Alison Oliver, Cozy Classics Pride and Prejudice, Gill Tavner, Holman Wang, Jack Wang, Jane Austen, Jane Austen for Kids, Jennifer Adams, literature, Little Miss Austen: Pride and Prejudice, Real Reads
This is the first time I’ve reviewed a book that’s only twelve words long. Cosy Classics: Jane Austen’s Pride and Prejudice (2012), by Jack and Holman Wang, is even shorter than Little Miss Austen: Pride and Prejudice (2011), a counting book by Jennifer Adams and Alison Oliver (which had nineteen words, eleven numbers, and a few captions included in the illustrations).
The idea behind the Cosy Classics board books is “to help babies and toddlers build vocabulary and learn everyday concepts such as body parts, emotions, animals, relationships, actions, and opposites,” and to “help children find further meaning through a growing sense of narrative.” Jack and Holman Wang have chosen twelve words that illustrate aspects of the plot of Pride and Prejudice, words that can either be read on their own, or used as inspiration for parents and older readers to fill in more of the story when the child is ready for more complexities.
The book introduces and illustrates “friends” (Mr. Bingley and Mr. Darcy, although they are not named), “sisters” (Jane and Elizabeth Bennet, also not named in the book), “dance” (Jane dancing with Bingley), “mean” (Darcy ignoring Elizabeth), “sick” (Jane in bed at Netherfield), “muddy” (Elizabeth walking through the fields to get to her sister), “yes?” (Darcy on bended knee, proposing to Elizabeth), “no!” (Elizabeth turning away from him), “write” (Darcy writing his famous letter of explanation), “read” (Elizabeth reading the letter), “walk” (Darcy and Elizabeth walking arm in arm), and “marry” (Jane and Bingley, and Elizabeth and Darcy, in front of a stained-glass window). The illustrations are created by photographing needle-felted dolls in realistic-looking settings—ballrooms, drawing rooms, fields, and church—and the felted figures are very different from the cartoon-like drawings that appear in Little Miss Austen: Pride and Prejudice and Gill Tavner’s Real Reads version of the novel.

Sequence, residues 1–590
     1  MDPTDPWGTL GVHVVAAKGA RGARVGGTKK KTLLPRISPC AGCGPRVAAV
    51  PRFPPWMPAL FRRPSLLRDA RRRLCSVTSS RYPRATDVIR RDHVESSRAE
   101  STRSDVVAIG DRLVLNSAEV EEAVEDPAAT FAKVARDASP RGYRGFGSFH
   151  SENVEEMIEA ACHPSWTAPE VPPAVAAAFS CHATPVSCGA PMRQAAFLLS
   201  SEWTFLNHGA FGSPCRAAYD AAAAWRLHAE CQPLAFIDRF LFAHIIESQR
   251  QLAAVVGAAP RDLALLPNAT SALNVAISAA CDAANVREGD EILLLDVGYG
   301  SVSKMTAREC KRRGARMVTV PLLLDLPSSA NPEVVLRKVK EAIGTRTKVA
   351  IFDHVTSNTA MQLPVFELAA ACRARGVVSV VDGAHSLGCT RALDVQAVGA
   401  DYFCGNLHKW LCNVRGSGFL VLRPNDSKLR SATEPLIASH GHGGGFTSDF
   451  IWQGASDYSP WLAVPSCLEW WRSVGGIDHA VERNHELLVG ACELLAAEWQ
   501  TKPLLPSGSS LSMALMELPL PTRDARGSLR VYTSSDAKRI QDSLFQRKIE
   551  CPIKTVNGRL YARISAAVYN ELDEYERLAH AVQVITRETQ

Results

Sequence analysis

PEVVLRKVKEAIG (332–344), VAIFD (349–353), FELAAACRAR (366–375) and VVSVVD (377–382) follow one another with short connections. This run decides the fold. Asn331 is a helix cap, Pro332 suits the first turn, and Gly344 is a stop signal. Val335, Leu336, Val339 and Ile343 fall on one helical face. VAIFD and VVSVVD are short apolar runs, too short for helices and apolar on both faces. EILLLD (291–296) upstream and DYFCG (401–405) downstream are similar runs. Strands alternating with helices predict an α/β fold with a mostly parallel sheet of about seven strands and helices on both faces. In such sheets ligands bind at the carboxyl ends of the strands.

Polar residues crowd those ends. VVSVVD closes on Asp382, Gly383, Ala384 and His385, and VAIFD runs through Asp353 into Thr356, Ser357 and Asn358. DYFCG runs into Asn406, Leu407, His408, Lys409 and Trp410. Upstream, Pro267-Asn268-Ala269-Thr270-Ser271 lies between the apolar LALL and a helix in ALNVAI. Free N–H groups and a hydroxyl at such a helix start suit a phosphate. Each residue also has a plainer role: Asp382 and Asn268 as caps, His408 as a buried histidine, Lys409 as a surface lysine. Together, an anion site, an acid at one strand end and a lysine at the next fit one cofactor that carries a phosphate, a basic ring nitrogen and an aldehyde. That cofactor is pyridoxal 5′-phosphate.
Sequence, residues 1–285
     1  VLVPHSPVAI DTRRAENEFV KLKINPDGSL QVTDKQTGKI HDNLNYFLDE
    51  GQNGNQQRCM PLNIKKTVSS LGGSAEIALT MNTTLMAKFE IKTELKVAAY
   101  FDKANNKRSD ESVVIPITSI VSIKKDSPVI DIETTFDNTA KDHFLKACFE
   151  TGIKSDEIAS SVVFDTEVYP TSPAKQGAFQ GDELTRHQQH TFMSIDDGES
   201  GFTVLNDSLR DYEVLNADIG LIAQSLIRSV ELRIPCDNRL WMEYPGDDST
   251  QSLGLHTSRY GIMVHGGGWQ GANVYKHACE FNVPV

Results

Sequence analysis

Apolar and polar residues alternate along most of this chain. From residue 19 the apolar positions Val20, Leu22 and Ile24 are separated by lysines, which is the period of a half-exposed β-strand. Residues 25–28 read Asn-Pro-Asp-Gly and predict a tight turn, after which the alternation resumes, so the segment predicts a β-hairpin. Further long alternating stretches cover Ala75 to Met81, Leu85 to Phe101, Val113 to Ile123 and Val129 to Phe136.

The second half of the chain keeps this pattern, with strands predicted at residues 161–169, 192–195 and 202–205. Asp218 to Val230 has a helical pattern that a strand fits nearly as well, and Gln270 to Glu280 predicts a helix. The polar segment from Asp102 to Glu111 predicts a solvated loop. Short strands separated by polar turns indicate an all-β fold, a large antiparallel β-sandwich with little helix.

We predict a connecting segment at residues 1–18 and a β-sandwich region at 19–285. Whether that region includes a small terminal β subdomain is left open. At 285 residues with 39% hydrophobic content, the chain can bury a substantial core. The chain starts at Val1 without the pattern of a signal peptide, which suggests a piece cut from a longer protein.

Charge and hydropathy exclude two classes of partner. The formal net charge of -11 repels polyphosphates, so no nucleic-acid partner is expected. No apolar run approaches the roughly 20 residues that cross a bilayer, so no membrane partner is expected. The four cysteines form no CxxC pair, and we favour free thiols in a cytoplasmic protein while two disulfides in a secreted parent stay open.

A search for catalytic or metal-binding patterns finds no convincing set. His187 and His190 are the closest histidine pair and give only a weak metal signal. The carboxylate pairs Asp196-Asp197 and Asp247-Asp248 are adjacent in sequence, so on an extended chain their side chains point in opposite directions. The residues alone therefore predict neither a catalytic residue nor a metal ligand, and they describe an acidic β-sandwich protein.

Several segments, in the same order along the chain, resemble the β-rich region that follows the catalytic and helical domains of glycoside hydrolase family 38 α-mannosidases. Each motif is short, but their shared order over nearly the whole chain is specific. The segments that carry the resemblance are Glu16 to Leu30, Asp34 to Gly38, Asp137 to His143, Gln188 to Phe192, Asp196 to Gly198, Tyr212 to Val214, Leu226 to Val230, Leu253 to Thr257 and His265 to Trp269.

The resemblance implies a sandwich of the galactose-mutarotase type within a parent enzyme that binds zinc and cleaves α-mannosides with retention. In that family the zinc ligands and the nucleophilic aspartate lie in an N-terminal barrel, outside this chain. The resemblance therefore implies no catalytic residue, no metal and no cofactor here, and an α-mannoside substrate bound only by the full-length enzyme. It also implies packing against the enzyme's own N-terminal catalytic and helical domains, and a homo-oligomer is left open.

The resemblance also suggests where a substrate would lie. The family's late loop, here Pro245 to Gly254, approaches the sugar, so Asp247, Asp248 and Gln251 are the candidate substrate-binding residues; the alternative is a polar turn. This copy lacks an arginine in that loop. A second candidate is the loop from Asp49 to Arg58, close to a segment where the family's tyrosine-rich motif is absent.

While all three adaptations aim to introduce young readers to the world of Pride and Prejudice, and to inspire them to read the complete novel someday, each employs a different strategy to entertain and intrigue the audience. The Real Reads Pride and Prejudice is for an audience of older children, and the narrative highlights the most dramatic moments in the plot, especially Darcy’s proposal and Elizabeth’s refusal. Little Miss Austen: Pride and Prejudice focuses on characters and setting (ranging from the obvious—“1 english village,” “2 rich gentlemen,” “3 houses,” “5 sisters”—to the less obvious—“6 horses,” “7 soldiers in uniform,” “8 musicians,” “9 fancy ball gowns”) and drawing attention to the plot only in the illustrations for “4 marriage proposals” (in which Lizzy says “No way!” to Mr. Collins and “No!” to Mr. Darcy’s “Marry me?”, Jane says “Oh sure!” to Mr. Bingley, and Lizzy says “Yes!!” when Mr. Darcy finally says “Please marry me?”), and on the last page of the book, in which money is revealed to be the key to a happy ending: “10,000 pounds a year.”